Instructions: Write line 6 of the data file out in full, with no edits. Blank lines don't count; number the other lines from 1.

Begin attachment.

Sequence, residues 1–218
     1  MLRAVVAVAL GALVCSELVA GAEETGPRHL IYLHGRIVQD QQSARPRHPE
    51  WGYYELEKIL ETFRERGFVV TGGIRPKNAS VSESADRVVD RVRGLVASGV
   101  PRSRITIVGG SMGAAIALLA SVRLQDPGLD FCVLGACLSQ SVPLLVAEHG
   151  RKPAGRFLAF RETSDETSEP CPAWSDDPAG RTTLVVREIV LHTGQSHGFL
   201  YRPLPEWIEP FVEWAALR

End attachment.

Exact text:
   201  YRPLPEWIEP FVEWAALR